However, the effect of the excise tax is expected to be very similar to applying payroll and income taxes to health insurance. The expectation by experts is that it will encourage employers to avoid the tax by reducing the generosity, and therefore premiums, of the plans they offer. In turn, over time, the economics of the labor force dictate that dollars not spent on premiums would be spent on wages (as many economics studies have shown), which will be hit with the progressive mix of payroll and income taxes. Consequently, the excise tax is a cap on the tax excludability of employer-sponsored health insurance.
Mitt Romney’s Approach
Romney’s approach to addressing the favorable tax treatment of employer-sponsored health insurance and its effects is, to date, vague. Although he has recognized this as an important issue, to my knowledge, the candidate has expressed his intent in this realm only twice, once on his website and once in a speech. His website says he wants to “end tax discrimination against the individual purchase of insurance.” In a June speech in Florida, he said,
Well, right now, most people get their insurance through their employer, and the reason they do that is because their employer gets a tax deduction when they buy insurance for you. But if you’re a very small-business person—let’s say a one-person business—you don’t get a tax deduction for buying insurance. And if you’re an individual that’s not employed, you don’t get a tax deduction for buying your own insurance. What I would do is level the playing field and say individuals can buy insurance on the same tax advantage basis that businesses can buy insurance.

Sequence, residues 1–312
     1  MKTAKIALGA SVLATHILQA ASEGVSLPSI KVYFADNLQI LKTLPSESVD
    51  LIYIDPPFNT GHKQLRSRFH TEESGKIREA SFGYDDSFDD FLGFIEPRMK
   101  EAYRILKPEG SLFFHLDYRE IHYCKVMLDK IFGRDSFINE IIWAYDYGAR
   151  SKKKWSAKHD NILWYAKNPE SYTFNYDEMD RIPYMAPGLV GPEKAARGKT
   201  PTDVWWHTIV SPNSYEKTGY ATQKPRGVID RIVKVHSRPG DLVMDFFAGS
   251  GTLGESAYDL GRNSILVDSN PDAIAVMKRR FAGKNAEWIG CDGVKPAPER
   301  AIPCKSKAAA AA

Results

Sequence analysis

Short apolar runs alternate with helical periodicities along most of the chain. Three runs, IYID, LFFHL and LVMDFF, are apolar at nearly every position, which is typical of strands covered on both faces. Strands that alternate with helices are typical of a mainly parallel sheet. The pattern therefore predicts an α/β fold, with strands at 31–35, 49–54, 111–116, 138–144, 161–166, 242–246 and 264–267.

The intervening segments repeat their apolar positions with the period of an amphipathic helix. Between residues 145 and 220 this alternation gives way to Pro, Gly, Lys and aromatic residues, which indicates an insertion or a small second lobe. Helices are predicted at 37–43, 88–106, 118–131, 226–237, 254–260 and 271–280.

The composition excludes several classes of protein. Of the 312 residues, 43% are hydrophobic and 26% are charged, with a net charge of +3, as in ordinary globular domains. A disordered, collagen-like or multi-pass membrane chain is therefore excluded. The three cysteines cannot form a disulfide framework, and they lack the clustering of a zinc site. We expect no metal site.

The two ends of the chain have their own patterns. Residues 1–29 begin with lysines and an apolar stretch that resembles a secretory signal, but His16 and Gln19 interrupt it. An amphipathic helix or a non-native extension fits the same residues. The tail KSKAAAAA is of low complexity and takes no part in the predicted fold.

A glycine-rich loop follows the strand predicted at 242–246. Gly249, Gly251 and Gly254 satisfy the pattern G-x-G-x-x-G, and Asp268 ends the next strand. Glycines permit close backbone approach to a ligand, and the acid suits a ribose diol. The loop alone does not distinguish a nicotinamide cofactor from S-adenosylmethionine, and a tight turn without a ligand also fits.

This sounds like Romney is predisposed to expand the favorable tax treatment of health insurance, not reduce it. Doing so would not help address the (too low) government revenue and (too high and growing) health care spending problems the nation faces. Let’s be clear: expanding the preferential tax treatment of insurance purchase would cost a fortune.
Now, it is possible that by acting to “end tax discrimination” and “level the playing field,” the candidate means to reduce the favorable treatment of employer-sponsored plans. Or perhaps he means something else entirely, such as offering tax credits for purchase of health insurance on the individual market. From his communications, we just can’t tell.
Grading the Work
For passing legislation to address the issue, I give President Obama a grade of A. For doing so in an indirect and very delayed way—although compelled by politics, to be sure—I give him a C. Likewise, I grant Romney an A for recognition of the issue but an incomplete for not yet providing enough detail for us to fully apprehend his intent. As an economist, I give the idea of excluding individually purchased products from taxation an F.
About the author: Austin B. Frakt, PhD, is a health economist and an assistant professor at Boston University’s School of Medicine and School of Public Health. He blogs about health economics and policy at The Incidental Economist and tweets at @afrakt. The views expressed in this post are that of the author and do not necessarily reflect the position of Boston University.